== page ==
Facebook should be one app, plain and simple. Users have griped about this time and time again. Downloading and maintaining multiple Facebook apps is obnoxious. They’re all inherently interconnected; dividing the features into separate packages is counter intuitive. We live in an all-in-one world; we want everything in one package. We the subdivision is confusing and it creates frustration and mistrust. A friend of mine summed it up perfectly:

This ridiculousness with Facebook messenger as a separate app is annoying. I get notified in FB that I have a message, but I can’t read it and would be forced to download the new app to do so. I have no interest in managing a separate app just for FB private messages….Annoying.

Annoying, indeed.

Fixing the Facebook Flaws and Reconnecting

Over the years, it seems Facebook has lost sight of its original mission: to serve as a platform where users can connect. Unlike many platforms, which evolve and improve with time, Facebook has devolved in many ways, with many counter intuitive changes that are just plain difficult to understand.

But Facebook isn’t alone; users have also lost sight of Facebook’s primary purpose and in doing so, we’ve made ourselves — and the others who don’t want to play Candy Crush Saga — miserable. It’s not about dreaming up status updates that make you look more successful and more fabulous than you really are; it’s about sharing your life — your real life, not the one you wish you were living. It’s about connecting with others in a real, meaningful way.

3 Things Facebook Can Do To Make Us Happier (and still make money)

1. Remind us we are here to connect with people and share great experiences.

Become our personal event planner.Facebook already knows everything about us, so it shouldn’t be hard to suggest ways to connect IN THE REAL WORLD. Suggest fun local upcoming events/concerts weeks in advance, friends to invite to the event (based upon interests + location) and offer to setup the event in a couple clicks.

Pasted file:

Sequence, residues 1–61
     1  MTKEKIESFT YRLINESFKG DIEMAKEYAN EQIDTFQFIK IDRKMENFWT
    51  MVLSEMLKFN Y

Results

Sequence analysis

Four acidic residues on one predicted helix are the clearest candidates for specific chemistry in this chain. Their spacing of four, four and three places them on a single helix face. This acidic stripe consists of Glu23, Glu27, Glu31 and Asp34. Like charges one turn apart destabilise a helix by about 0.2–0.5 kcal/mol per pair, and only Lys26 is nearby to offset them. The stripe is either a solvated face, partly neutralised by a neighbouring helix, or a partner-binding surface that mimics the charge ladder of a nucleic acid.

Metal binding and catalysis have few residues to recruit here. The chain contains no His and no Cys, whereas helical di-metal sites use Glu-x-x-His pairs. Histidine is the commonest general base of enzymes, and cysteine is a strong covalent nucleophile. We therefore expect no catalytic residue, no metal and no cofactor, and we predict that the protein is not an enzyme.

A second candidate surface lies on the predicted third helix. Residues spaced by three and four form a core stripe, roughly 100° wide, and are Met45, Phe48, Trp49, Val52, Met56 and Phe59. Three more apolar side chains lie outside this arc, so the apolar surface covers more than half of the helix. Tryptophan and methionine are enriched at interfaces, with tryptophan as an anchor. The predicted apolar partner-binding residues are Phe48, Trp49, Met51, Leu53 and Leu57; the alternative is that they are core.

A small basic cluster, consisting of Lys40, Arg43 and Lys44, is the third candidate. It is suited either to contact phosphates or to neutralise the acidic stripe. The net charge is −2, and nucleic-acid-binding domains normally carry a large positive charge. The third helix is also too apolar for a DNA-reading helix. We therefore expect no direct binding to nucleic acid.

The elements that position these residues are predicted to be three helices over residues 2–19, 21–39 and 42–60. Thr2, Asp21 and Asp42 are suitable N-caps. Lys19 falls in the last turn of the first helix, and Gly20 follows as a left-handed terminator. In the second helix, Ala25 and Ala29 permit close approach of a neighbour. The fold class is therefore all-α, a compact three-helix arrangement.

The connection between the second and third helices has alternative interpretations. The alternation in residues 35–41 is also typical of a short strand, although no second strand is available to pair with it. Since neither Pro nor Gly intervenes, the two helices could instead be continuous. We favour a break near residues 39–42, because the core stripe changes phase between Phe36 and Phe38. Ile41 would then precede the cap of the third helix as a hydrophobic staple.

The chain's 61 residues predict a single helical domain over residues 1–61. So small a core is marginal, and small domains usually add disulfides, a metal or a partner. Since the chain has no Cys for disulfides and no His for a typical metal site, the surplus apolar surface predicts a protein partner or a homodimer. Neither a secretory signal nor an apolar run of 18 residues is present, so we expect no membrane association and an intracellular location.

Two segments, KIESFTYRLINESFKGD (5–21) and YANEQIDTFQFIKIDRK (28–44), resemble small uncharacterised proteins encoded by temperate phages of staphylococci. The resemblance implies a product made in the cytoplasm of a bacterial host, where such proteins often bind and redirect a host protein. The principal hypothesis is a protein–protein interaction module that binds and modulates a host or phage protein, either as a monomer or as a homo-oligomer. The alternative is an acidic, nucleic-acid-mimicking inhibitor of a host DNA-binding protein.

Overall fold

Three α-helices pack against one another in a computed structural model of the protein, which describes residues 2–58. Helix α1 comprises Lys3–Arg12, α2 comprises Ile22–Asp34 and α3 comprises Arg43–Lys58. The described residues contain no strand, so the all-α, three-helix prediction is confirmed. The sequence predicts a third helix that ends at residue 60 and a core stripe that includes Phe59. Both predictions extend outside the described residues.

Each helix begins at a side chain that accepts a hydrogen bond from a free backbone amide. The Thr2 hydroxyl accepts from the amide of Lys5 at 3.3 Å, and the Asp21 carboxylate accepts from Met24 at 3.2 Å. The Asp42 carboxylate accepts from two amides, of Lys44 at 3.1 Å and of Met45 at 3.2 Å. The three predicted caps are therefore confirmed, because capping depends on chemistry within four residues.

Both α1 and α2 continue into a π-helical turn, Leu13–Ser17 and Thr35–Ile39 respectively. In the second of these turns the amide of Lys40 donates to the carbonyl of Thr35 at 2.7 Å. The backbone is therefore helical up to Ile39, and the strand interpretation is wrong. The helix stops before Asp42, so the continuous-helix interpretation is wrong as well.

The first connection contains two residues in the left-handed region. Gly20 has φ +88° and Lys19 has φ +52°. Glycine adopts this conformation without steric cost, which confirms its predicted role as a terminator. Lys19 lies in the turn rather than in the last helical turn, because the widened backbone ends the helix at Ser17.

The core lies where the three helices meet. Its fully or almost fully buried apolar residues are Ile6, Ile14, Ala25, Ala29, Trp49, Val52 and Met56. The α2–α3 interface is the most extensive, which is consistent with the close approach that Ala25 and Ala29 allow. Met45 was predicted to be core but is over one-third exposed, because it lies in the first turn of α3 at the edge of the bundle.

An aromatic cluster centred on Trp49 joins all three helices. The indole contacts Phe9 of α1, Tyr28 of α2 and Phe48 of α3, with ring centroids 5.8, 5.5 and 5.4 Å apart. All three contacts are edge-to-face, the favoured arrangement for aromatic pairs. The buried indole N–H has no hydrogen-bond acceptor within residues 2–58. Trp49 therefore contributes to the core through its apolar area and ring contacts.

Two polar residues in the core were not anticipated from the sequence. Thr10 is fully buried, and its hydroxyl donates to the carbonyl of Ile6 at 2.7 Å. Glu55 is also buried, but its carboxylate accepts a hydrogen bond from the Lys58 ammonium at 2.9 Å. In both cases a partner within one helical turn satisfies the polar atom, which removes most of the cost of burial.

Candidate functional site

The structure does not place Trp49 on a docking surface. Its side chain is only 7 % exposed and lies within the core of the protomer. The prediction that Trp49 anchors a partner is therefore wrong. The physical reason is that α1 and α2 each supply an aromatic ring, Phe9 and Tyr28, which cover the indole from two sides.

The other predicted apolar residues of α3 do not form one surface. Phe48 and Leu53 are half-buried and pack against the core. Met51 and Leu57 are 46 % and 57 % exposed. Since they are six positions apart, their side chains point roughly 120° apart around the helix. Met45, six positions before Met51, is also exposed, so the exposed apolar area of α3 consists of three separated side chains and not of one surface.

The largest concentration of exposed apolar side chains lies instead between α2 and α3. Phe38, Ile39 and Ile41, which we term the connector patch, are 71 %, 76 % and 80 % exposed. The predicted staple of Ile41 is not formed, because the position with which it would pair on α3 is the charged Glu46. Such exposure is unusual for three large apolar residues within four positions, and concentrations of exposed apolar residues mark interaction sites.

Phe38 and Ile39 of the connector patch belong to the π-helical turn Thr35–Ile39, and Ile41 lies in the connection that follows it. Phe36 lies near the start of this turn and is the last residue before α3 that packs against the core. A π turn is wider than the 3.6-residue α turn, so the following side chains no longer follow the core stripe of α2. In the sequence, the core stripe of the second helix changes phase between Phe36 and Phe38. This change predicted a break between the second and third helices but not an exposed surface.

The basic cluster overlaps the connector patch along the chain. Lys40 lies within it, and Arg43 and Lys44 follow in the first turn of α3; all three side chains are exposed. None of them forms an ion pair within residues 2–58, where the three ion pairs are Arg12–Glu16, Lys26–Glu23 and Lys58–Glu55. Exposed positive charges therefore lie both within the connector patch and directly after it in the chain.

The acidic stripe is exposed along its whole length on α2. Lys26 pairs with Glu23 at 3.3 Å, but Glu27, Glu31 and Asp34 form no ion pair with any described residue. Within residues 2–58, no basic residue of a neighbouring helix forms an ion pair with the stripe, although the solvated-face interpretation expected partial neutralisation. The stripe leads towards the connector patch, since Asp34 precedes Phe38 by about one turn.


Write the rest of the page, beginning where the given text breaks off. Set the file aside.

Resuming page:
a. Take it a step further and partner with Groupon to offer discounts on paid events.

b. For parents, integrate with sites like, to coordinate a babysitter for the event.
2. Offer a Freemium option. Look, Facebook – we know you make a killing off advertising and I even enjoy seeing some updates from brands in our news feed. But we loathe having to scroll past 3 advertisements for each update/photo from our friends.

We’ll even compromise – it doesn’t have to be 100% ad free, but it should be reasonably priced. Say $0.99 per month to suppress 80% of the ads. We get it, you need to make money and you provide a lot of value, currently supported 100% by advertising. I for one, would be willing to pay a little bit for a much better experience.

a. This could actually increase the value of served ads to the advertisers (meaning more revenue). Why? If we see 80% fewer ads, we’re more likely to recall/like/click the few that do appear, since we’re no longer scrolling past everything at hyper speed!

b. Paid subscriptions would help Facebook stabilize revenue long term, relying less on ad sales. If just 10% of users paid, it would mean $1.2 billion in annual revenue!
3. Integrate games that actually make us smarter, happier people., and all lend themselves to being smarter and happier, rather than just being a brain drain.

Facebook: You promised to make us more connected, so do it. Please stop making us sadder and more isolated, or you’ll eventually end up like MySpace (remember them?). Pulling your apps apart and buying the next cool company only helps for a little while – you need to fundamentally rethink how you operate. We want to Like Facebook (pun intended), but it’s becoming harder and harder. And I’m not saying it will be easy to change but it’s necessary.

So try being more about Social and less about Media – you might be surprised at the result!

I’m sure there are 101 ways to help us be happier, better people, while allowing Facebook to remain profitable.

What else could Facebook do to improve?

Republished from